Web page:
This is Dominic Haughton’s excellent account of his 500 km FAI triangle earlier this week, together with some photos:
The flight was a 500km FAI triangle MYN -TIA (Tintern Abbey) – (PEM) Pembroke Dock – LLS (Llantysilio) – MYN); the trace is on the ladder http://www.bgaladder.co.uk/dscore.asp?FlightID=64408&RC=X . Phil King flew what was probably the first declared 500k in Wales on the 31st March last year, a cat’s cradle up and down wind from Shobdon (Presteigne, Usk, Cerrig, Pontypool, Montgomery). If he is right, this flight is the first declared 500k FAI triangle around Welsh TPs.
The idea to fly large FAI triangles in Wales came out of a flight that included a 100k run up the coast without turning on the way from Lampeter to Snowdon using sea breeze fronts. Combining that with the ability to start early and end late by launching from, and flying over, high ground made a 500k in Wales look like a possibility. One big downside, and the flipside of the sea breeze bonus, is that the all three coasts can be lost to sea air. In particular the Vale of Clwyd and the Cheshire plain are often killed off quite early on, so getting far North at the end of the day is tricky, and Wales is only so big. You have to go far West to fit in a 500 FAI triangle and I did not know much about soaring in Pembrokeshire.
A bit of work with SeeYou over the winter of 2015/16 produced about half a dozen options for classic 500 tasks “by the book” (downwind, crosswind, upwind, downwind) with minor variations depending on the wind direction; I then just waited for RASP to predict the right day. In the meantime I had a flight to Camarthen to get a feel for the area. That involved soaring over the sea at Pembrey to get back east, as air from the North came across the peninsula and swept the good air into the Bristol Channel, proving the point that you need to be in Pembrokeshire early enough to get out. On that occasion I was saved by arriving back at the end of the Brecon Beacons and ridge soaring up to Pen-y-Fan before resuming normal service.
Last year’s attempt at a Welsh 500k triangle was on a similar day in April, but started later than planned. I turned Monmouth and Haverford West, again got pushed over the South coast on the way back to Swansea, before connecting with the N-S sea breeze front and heading North. In the end I abandoned the task north of the Mynd on the way to the last TP, for a total of about 460k, when the day looked like it had already ended in the Vale of Clwyd.
This time I planned to fly further south to shorten the distance north of the Mynd at the end of the day, and to launch early. I got the second launch of the day at 11:15, straight into a 7 knot climb to 4000ft cloudbase and then off on track. I got to Credenhill (near Hereford) without turning and made the first TP ( Tintern Abbey) in under an hour at 106kph.
The aim was to be at the first TP at midday so all looked good until Pontypool, when everything north of the Brecon Beacons disappeared in massive showers. Then showers appeared on track and visibility turned poor, with snow (OK, a few flakes of snow) in the cockpit, and I thought about abandoning. Turning for home would have meant, at best, soaring the Beacons, possibly in a deluge, until the showers cleared, but the likelihood was that I’d have ended up on the ground somewhere near Brecon. There was plenty of lift around, I guessed I was at the edge of a convergence with the northerly wind air against sea air coming in from the south coast, so for want of a better plan I pushed on.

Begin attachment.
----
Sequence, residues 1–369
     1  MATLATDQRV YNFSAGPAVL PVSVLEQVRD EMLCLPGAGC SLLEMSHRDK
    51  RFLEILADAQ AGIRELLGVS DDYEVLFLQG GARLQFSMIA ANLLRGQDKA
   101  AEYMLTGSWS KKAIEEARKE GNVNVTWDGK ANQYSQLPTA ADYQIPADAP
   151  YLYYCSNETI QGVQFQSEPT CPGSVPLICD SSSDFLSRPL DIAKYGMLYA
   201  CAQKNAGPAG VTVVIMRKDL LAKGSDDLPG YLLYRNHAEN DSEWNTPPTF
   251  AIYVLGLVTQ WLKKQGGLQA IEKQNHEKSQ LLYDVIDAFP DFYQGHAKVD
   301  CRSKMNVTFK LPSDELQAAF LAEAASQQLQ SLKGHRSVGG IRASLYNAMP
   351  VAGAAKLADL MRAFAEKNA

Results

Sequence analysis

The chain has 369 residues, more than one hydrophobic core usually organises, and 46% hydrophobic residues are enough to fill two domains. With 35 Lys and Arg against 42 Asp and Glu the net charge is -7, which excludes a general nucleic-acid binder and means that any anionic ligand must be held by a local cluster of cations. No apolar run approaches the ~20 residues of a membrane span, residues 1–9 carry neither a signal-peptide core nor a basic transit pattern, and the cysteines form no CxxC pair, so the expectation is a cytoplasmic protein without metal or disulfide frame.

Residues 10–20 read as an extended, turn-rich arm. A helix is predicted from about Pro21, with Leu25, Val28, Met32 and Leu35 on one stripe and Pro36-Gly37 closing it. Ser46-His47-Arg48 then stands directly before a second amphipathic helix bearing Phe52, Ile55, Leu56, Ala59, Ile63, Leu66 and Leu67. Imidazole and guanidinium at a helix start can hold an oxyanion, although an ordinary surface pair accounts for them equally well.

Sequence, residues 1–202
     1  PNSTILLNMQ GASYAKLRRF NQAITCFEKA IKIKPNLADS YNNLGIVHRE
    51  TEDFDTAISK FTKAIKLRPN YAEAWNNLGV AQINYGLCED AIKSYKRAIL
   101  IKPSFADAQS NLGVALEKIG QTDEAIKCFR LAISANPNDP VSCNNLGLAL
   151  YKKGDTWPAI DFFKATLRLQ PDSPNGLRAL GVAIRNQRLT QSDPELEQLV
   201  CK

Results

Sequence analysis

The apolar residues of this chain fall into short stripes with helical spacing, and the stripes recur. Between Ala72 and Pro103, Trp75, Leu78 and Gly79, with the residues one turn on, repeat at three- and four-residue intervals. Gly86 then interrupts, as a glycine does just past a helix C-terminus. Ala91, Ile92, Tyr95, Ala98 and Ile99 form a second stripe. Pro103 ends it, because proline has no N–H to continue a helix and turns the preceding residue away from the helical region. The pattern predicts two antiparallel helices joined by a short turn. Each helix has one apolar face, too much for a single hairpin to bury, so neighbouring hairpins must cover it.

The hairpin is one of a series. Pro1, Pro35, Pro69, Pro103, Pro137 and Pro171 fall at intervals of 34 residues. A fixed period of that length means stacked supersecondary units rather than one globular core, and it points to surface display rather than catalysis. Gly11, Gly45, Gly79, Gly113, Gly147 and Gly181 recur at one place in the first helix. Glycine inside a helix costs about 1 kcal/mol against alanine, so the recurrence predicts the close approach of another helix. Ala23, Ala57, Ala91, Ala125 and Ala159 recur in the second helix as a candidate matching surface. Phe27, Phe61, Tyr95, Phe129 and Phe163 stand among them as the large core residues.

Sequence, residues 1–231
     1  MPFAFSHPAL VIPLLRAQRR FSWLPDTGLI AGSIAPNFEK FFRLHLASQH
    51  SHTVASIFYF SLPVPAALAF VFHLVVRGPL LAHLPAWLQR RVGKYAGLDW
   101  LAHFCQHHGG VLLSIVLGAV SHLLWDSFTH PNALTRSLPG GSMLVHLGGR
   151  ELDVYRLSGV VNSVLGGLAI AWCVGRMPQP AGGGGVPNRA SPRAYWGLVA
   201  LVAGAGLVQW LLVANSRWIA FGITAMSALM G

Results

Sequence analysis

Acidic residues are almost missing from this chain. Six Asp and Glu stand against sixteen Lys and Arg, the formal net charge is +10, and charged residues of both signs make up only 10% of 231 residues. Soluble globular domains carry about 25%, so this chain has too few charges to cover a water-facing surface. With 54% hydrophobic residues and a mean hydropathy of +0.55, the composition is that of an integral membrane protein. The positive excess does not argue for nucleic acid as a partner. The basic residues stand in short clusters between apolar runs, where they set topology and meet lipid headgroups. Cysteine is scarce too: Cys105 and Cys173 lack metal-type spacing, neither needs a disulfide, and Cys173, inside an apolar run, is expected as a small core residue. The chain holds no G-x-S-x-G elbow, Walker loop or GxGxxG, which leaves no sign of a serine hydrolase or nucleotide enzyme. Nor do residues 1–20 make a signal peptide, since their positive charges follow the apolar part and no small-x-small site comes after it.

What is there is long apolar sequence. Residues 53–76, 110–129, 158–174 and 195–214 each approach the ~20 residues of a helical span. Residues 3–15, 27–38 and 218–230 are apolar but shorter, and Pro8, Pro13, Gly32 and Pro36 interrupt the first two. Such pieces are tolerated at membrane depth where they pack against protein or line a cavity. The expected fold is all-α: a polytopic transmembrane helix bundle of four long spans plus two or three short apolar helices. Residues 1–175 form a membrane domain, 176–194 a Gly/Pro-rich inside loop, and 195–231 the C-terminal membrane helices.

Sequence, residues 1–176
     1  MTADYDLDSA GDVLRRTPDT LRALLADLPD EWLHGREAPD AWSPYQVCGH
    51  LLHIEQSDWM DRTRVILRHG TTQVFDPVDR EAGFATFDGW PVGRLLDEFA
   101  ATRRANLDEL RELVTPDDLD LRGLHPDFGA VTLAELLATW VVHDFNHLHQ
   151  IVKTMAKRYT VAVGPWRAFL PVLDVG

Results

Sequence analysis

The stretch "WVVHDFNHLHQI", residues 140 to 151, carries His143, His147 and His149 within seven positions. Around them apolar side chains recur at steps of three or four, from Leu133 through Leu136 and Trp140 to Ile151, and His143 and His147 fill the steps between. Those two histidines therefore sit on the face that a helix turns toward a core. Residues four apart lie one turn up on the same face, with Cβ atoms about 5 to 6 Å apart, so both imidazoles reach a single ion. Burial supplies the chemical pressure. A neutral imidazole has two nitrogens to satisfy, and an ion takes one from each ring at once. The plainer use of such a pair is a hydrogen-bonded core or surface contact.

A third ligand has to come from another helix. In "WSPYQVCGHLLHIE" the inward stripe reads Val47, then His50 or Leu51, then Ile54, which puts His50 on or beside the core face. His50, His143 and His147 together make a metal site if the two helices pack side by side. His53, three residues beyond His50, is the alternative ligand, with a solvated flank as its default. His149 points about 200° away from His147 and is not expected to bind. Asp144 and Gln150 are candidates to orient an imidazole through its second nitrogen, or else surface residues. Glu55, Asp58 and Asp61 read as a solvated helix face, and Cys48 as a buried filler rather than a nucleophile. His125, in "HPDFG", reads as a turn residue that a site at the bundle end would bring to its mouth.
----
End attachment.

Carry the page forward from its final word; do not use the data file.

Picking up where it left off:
Emerging from the gloom into a perfect soaring sky over Pembrokeshire was a (very!) welcome surprise and the run into the TP at Pembroke Dock turned out to be easy, with reliable climbs of 5 or 6 knots. I think Dale Bridge, which is even further West than Pembroke Dock, was on, but I’d set the task so turned PEM then also went round Haverford West just in case.
The direct route north clipped the coast at Aberystwyth, and the air initially looked good, but I diverted inland to avoid the Aberporth Danger area. That worked out well because there then seemed to be an incursion of sea air; the edge of the sea air front was working well, but a mass of showers appeared to the east and then ahead on track, so I parked up at Llandiloes (east of Aberystwyth) to see what happened next. After about 10 minutes the sky cleared and the run to the TP at Llantysilio looked very possible either via Welshpool and the flat lands, or the way I went, directly over the high ground past Vyrnwy.
Llantysilio TP is under the 4500ft Class A airway so I was a bit cautious going in to it and diverted to a line of lift coming off the Berwyns about 20k from the TP. That lead into the TP and then a climb to 5000ft at Chirk got me well above glide with the tailwind, but I took a couple of top ups on the way back as there was still plenty of lift around. Back at the Mynd at 17:30 so the task was probably underset by about 50k; going via Dale Bridge to Prestatyn is an FAI triangle of over 580k so there is room in Wales to beat this!